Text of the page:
In late March 1972 the People's Army of North Vietnam (PAVN) launched one of the largest offensive operations in recent history against the Army of the Republic of Vietnam (ARVN) and the United States military.
The Easter Offensive was the largest offensive military operation since 300,000 Chinese crossed the Yalu River during the Korean War. While the US and ARVN expected an attack during 1972, they were not expecting one of such magnitude; many offensives by the North Vietnamese (such as the Tet Offensive) involved guerrilla tactics and did not use conventional assets, such as armored vehicles and artillery support.
Shortly after noon on March 30, over 30,000 PAVN and 100 tanks rolled into South Vietnam from the north, and a few days later from the west, hoping to cut South Vietnam in two. Although planned to take place during monsoon season (where low clouds would have made US air support difficult), by April and May the weather was beginning to clear up - between May 1 and June 30, over 18,000 air sorties had been flown in support of the ground campaign.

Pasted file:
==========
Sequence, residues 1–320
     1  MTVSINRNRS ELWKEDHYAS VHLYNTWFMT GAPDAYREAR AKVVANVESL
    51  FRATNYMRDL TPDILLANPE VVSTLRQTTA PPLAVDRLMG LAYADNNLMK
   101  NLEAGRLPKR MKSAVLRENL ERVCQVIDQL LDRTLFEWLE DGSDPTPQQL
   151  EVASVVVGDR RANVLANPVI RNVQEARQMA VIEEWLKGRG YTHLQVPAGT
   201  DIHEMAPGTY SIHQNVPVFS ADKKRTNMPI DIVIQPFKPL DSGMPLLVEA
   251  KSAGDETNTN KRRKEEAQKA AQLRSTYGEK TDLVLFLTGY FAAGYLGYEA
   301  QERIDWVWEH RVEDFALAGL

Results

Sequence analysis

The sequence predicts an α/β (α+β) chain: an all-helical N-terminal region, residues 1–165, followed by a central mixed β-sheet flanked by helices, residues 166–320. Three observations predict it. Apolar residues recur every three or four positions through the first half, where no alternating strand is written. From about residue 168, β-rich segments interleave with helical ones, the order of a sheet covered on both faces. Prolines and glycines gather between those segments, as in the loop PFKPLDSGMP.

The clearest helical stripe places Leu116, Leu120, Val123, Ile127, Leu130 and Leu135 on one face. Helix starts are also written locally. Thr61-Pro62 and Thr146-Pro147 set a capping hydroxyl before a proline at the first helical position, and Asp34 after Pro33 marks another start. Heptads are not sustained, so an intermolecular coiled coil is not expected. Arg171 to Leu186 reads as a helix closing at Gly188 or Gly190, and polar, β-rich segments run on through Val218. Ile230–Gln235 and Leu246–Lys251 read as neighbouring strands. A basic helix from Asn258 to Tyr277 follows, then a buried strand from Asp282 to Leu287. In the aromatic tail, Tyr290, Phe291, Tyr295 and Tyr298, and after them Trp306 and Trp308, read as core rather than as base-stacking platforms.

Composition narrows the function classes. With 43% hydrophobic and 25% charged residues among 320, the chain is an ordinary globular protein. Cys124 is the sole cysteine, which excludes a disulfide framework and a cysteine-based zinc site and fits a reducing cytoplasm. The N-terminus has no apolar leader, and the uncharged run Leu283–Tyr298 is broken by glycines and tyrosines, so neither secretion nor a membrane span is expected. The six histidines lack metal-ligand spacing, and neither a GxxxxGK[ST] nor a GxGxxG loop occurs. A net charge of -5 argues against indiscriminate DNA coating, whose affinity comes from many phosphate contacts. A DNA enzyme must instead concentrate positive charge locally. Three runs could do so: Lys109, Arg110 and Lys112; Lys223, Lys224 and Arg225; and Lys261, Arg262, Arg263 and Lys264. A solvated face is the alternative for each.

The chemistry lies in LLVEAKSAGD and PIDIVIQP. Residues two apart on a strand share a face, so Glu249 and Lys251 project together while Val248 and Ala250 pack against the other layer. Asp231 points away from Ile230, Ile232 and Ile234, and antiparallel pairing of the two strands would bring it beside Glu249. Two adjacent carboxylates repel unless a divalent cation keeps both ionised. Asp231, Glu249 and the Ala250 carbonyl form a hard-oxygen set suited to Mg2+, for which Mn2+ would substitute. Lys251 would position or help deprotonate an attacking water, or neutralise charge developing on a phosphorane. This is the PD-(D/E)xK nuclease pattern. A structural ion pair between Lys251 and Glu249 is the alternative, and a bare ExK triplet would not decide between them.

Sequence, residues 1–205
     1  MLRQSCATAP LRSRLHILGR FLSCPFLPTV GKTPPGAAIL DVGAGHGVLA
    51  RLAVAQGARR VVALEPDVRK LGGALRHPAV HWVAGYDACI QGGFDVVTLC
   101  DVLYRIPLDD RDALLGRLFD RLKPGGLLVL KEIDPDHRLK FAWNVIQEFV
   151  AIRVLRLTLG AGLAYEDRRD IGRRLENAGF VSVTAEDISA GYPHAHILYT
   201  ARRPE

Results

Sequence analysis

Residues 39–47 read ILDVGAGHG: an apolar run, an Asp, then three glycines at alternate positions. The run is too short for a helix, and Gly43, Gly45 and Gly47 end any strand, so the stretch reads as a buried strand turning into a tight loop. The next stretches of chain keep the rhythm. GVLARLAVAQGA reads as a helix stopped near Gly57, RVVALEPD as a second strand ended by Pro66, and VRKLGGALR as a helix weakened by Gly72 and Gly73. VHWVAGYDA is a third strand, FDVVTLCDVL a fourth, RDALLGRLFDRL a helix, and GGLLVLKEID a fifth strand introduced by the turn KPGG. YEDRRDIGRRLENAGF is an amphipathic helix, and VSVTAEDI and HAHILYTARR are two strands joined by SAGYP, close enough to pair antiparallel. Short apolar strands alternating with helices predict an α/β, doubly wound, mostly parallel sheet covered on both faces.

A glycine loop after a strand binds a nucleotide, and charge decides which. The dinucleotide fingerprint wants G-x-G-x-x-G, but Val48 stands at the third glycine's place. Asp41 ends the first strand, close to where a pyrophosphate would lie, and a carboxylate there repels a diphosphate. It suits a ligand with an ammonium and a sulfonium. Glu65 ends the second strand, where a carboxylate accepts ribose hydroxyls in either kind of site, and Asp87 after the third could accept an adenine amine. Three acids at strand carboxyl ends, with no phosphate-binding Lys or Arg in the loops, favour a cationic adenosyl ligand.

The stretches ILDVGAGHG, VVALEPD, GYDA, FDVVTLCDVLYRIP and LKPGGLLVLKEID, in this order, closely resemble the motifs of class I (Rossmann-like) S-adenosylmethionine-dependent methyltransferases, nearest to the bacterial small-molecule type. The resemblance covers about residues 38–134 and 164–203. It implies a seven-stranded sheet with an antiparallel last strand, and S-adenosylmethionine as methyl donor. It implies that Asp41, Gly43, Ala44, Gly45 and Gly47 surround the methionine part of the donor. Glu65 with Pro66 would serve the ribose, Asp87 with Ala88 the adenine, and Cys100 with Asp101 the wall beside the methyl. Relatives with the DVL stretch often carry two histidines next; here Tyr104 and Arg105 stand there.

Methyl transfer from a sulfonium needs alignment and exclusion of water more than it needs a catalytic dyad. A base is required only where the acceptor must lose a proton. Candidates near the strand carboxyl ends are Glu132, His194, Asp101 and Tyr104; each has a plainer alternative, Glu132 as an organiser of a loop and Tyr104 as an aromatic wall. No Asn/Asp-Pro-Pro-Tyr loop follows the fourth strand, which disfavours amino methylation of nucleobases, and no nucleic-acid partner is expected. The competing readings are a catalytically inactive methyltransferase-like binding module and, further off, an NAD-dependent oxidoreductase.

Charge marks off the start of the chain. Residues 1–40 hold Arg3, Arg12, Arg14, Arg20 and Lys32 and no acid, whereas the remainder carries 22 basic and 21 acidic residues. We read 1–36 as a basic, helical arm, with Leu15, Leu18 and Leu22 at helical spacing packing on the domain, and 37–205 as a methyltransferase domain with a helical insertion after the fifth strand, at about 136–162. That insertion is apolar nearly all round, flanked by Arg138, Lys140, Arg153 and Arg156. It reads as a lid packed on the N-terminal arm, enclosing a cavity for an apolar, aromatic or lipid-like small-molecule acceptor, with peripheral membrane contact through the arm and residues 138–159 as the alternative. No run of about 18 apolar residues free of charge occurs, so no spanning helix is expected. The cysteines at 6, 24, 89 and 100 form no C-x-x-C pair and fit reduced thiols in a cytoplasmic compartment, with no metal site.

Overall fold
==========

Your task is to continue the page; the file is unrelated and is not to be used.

By mid-June the US and ARVN forces were in a strong enough position to counter the assault from the north, while they were able to recapture some lost ground, by mid-September they were to exhausted to continue. While both sides claimed victory, the PAVN has sustained over 100,000 casualties and lost almost all of its tanks in return for parts of the northernmost provinces as well as the western flank of some norther provinces.
This offensive, while costly did bring both sides to make concessions during peace negotiations, however, which were finalized in January, 1973.
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